WEST HARTFORD — When museums and galleries were shuttered last year, artists painted bus shelters — making the town into a sort of “outdoor gallery,” the West Hartford Art League executive director said.

It wasn’t the first time that happened. And now, there’s a fundraising effort underway for a project that would have public art on a different canvas — concrete barriers, which have been used to section off areas to provide outdoor space for businesses, particularly restaurants.

“So this is kind of a continuation of that, of bringing art onto the streets,” said Roxanne Stachelek, West Hartford Art League’s executive director. “It just seems like a normal progression to do the barriers — they’re large, they’re white, they’re plain and why not showcase artists who are always looking to have their work seen.”

The effort — a collaboration between the art league, town and the arts commission — had over $2,900 in donations reflected on its fundraising page as of Thursday, with a goal of $5,500. Overall project costs are estimated to be $10,950.

If the project’s fundraising goal is met by May 17, Sustainable CT would chip in a matching $5,500, according to a town release sent out Wednesday.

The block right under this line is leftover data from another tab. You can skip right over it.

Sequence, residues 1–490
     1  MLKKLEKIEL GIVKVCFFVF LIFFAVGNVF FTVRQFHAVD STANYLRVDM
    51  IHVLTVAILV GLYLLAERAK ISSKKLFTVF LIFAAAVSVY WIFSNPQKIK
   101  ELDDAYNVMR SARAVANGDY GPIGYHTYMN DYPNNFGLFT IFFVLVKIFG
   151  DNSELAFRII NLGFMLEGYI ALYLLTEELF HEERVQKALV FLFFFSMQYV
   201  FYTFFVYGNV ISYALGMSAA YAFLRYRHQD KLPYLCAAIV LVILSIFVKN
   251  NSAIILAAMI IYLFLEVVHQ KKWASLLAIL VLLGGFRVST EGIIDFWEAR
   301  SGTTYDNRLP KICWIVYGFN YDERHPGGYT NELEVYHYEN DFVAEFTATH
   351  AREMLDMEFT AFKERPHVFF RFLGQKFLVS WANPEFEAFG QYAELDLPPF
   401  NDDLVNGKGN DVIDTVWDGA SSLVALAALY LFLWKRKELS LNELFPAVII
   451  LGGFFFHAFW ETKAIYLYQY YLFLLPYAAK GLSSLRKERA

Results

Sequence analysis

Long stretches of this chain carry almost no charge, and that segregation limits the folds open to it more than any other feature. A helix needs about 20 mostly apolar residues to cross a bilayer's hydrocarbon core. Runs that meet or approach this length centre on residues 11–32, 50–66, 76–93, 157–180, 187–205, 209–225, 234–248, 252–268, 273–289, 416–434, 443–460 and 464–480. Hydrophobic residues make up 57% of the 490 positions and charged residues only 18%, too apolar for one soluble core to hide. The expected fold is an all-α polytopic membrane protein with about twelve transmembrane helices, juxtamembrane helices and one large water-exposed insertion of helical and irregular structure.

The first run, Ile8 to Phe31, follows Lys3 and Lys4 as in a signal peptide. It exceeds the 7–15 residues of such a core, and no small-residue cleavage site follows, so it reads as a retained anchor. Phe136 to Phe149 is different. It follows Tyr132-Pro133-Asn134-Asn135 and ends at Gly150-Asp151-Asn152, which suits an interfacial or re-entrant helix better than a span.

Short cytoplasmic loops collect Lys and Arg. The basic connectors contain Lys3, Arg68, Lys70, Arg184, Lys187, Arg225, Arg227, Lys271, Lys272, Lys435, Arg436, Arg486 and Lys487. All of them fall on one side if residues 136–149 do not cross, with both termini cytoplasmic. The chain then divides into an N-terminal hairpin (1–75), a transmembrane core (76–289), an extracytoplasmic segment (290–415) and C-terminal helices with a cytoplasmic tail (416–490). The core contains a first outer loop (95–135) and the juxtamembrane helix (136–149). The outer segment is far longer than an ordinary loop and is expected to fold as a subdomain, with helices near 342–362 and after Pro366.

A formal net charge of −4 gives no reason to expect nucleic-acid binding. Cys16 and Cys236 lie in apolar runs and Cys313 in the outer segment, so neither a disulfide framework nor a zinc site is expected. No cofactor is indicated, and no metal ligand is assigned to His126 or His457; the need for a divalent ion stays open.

Stachelek said the barrier art would be similar to the bus shelter art. The barrier art will be primed, painted and covered in a clear coat as a “anti-graffiti sealant.”

“And hopefully, they’ll stay up for quite a while and be in good shape,” she said.

Kristen Gorski, town economic development coordinator, wrote in an email that the town “is proposing approximately 32 concrete barriers between West Hartford Center and Blue Back Square,” but they haven’t officially determined how many will get painted.

Outdoor dining expansions lasted until mid-November 2020, according to Gorski. The town “will likely look” to follow that timing this year, which would be dependent “on weather and any cold weather precipitation events,” she wrote.

Stachelek said there’s been “a lot of enthusiastic response” to the project, which has the potential to benefit artists and restaurants. The state is planning to let up on certain COVID-19 restrictions for businesses on May 1, and more on May 19.

The group wants members of the community to take part in the project too, Stachelek said.

On May 23, they’re planning to have time when the public can come out to paint — artists would plan designs ahead of time, sketch them out on the barriers and members of the community would help them paint it.

“We want people to feel some ownership of these, it’s not like they’re just ours,” Stachelek said. “This is for the community. It’s to enhance the community, it’s to help the restaurants, and so the more people we can get involved, whether that is through making a $25 donation or coming that day and helping or helping to paint, that’s kind of the idea behind the whole process.”

Connecticut Media Group